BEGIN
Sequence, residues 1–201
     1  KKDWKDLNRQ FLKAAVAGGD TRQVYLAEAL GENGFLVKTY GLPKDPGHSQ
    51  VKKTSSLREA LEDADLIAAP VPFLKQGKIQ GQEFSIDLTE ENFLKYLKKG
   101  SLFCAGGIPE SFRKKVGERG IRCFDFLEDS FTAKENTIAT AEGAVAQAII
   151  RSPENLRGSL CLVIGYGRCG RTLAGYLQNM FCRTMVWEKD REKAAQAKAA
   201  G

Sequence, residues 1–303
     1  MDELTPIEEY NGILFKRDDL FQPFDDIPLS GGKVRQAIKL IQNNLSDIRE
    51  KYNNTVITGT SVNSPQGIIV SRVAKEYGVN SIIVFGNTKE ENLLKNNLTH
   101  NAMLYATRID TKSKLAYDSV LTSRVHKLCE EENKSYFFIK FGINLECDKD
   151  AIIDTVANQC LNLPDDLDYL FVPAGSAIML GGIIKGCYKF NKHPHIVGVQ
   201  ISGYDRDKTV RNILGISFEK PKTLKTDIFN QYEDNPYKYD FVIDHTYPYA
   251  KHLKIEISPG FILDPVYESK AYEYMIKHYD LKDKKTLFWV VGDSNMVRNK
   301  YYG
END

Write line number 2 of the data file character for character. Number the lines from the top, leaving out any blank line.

     1  KKDWKDLNRQ FLKAAVAGGD TRQVYLAEAL GENGFLVKTY GLPKDPGHSQ